If you notice yourself feeling uncomfortable around someone/something a disproportionate amount of the time you can either confront the person/situation or avoid them/it. One of the keys to long-term happiness is surrounding yourself with supportive, positive people and immersing yourself in joyful, uplifting experiences.
INCONSISTENCY Happiness, like any other discipline, requires focus and effort. Without consistent attention and action, happiness can disappear as quickly as you found it. Just as we need to keep on working out to maintain or improve our fitness and muscle mass, we also need to consciously choose happiness and keep moving toward our potential.
HARSH REALITY Turn on the news any day of the week and the headlines will feature murder, corruption and disaster. It has been found that just three minutes of exposure to negative news in the morning increases your chances of having a bad day by 27% . A similar phenomenon is known as 'medical school syndrome' where first year medical students exposed to the startling range of diseases and other maladies become hypochondriacs and even start manifesting the symptoms they have been studying.
Simple avoidance can be an effective strategy but also remember that you interpret the facts of the world through your own unique filter. At any time you could feel happy or sad depending on which set of facts you choose to focus.
LACK OF SLEEP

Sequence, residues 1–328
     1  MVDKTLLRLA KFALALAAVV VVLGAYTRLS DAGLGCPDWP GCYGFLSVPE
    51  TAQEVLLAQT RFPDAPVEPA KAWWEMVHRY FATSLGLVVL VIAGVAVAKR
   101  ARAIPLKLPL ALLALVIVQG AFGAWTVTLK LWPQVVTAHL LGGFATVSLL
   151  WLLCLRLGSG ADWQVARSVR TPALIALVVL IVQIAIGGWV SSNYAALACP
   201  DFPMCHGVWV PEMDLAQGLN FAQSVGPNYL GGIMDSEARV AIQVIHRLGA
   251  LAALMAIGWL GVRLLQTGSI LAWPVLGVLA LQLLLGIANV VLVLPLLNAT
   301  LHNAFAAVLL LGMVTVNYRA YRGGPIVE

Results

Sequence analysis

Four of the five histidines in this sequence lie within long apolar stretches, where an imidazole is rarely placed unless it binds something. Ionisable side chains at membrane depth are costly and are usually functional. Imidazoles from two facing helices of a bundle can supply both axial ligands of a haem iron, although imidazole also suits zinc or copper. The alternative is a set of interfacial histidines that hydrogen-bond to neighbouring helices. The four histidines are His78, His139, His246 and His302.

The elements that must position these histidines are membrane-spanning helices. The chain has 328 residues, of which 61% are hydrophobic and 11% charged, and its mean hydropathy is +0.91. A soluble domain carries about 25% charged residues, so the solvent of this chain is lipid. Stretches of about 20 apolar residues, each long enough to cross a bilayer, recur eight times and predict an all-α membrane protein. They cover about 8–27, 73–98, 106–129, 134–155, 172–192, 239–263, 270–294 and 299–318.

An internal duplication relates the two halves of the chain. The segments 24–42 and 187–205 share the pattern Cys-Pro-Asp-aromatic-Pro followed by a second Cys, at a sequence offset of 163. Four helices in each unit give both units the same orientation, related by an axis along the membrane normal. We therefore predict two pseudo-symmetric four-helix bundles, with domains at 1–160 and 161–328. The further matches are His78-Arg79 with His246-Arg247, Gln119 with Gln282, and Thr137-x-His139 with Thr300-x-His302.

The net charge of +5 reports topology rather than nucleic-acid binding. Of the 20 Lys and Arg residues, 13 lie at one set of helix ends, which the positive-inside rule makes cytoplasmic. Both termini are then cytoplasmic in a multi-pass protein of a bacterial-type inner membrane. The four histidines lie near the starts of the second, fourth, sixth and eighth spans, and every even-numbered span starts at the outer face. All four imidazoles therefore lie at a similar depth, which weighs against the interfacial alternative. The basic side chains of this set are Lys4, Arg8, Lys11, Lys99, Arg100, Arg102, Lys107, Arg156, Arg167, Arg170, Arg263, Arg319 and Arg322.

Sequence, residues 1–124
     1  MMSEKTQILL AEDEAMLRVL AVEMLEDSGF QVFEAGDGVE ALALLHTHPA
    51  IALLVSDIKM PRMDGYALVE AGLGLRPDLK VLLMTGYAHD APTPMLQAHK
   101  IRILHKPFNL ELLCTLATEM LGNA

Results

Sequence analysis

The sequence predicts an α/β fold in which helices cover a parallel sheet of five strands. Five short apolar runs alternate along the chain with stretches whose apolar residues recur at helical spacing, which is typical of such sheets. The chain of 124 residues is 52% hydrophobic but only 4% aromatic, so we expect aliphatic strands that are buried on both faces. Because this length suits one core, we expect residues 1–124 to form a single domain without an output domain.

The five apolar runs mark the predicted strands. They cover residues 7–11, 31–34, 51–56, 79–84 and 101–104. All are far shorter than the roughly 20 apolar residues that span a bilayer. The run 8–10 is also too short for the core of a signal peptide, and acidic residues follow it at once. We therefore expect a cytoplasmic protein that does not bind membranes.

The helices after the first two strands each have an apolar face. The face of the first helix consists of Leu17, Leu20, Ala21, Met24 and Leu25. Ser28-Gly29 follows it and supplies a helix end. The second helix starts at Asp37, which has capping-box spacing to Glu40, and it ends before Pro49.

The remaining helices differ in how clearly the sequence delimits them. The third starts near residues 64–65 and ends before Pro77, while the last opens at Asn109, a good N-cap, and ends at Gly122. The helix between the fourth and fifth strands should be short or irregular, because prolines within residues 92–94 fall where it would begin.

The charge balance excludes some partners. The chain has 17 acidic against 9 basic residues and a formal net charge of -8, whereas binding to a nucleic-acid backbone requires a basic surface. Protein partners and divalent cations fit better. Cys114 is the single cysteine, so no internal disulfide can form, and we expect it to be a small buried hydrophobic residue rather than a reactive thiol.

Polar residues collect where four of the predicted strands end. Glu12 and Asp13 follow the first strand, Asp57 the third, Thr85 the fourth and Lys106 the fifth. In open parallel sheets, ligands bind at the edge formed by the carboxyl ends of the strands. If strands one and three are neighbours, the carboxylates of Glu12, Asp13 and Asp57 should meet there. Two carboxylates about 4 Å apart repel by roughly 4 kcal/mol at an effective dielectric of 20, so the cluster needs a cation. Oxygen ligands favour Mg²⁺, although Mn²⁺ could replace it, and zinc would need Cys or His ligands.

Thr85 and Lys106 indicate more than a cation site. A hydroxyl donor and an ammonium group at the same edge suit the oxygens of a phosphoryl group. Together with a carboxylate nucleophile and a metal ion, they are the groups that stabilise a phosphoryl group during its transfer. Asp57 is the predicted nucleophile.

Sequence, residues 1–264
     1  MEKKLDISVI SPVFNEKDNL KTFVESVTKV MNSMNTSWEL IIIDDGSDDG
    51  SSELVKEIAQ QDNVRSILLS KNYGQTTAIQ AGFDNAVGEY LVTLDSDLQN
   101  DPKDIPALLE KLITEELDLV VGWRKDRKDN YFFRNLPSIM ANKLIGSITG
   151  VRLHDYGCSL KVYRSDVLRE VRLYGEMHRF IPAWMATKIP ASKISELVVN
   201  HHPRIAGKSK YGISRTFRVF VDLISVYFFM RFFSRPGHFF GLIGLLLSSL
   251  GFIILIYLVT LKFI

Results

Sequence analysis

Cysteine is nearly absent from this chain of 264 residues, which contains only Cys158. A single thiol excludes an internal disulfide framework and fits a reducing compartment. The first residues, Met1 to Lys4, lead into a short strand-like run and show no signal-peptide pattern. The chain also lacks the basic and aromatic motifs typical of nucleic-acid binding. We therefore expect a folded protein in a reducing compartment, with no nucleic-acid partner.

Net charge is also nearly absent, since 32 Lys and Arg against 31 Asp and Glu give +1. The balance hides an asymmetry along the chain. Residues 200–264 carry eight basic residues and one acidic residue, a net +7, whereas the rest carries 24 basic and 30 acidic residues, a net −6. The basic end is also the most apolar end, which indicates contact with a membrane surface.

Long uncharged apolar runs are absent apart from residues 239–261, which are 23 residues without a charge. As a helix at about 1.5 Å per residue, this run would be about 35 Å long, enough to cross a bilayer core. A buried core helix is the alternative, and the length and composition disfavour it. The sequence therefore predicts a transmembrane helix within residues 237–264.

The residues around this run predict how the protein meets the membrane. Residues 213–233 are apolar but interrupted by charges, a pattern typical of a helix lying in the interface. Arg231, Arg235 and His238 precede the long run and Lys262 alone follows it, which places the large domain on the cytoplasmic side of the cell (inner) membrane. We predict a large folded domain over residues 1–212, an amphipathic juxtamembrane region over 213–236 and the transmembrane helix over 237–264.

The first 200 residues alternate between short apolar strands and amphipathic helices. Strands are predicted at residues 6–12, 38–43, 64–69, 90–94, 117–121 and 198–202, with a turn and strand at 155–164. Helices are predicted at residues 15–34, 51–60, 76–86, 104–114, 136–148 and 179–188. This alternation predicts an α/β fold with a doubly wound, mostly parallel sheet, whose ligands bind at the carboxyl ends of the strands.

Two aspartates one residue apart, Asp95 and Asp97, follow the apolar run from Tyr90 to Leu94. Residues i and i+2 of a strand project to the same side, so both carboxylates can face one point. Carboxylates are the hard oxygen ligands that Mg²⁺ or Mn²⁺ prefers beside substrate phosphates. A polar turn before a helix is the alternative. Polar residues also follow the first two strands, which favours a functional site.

As a society, we now get less time in the sack and poorer sleep quality. It is estimated that up to a third of the population is sleep deprived and that's just taking the total number of hours slept into consideration. Introverts are notious for losing sleep due to overthinking and rumination - we have difficulty getting out of our own heads and switching off.
Insomnia affects more than just your physical health it also impacts your mental and emotional states. The reduction in our cognitive abilities in a sleep-deprived state has been well documented and we all know how lack of sleep ordinarily affects our (and others') mood but the issue is deeper than just simple crankiness. If you sleep eight hours, you can remember both positive and negative words around 80 percent of the time 24 hours later. But with five hours of sleep, you remember 70 percent of the negative words, and 20 to 30 percent of the positive. So your perception of reality literally shifts based on your energy levels.
POOR HEALTH On a related note, it is difficult to experience optimal happiness and personal growth with sub-optimal health. There is no need to convince anyone of that or dwell on it. Rather, the thousands upon millions of personal testimonials from those who have followed through on their decision to improve their health provide ample inspiration to do the same if it threatens your happiness.
There is comprehensive information in the Fitness and Nutrition posts of this blog and if you need further guidance, I am here to help.
STRESS The impact of stress and its importance to our enjoyment of life is so important that I have decided to dedicate the entire next post to it so as the (happiness) doctor says...see you next week!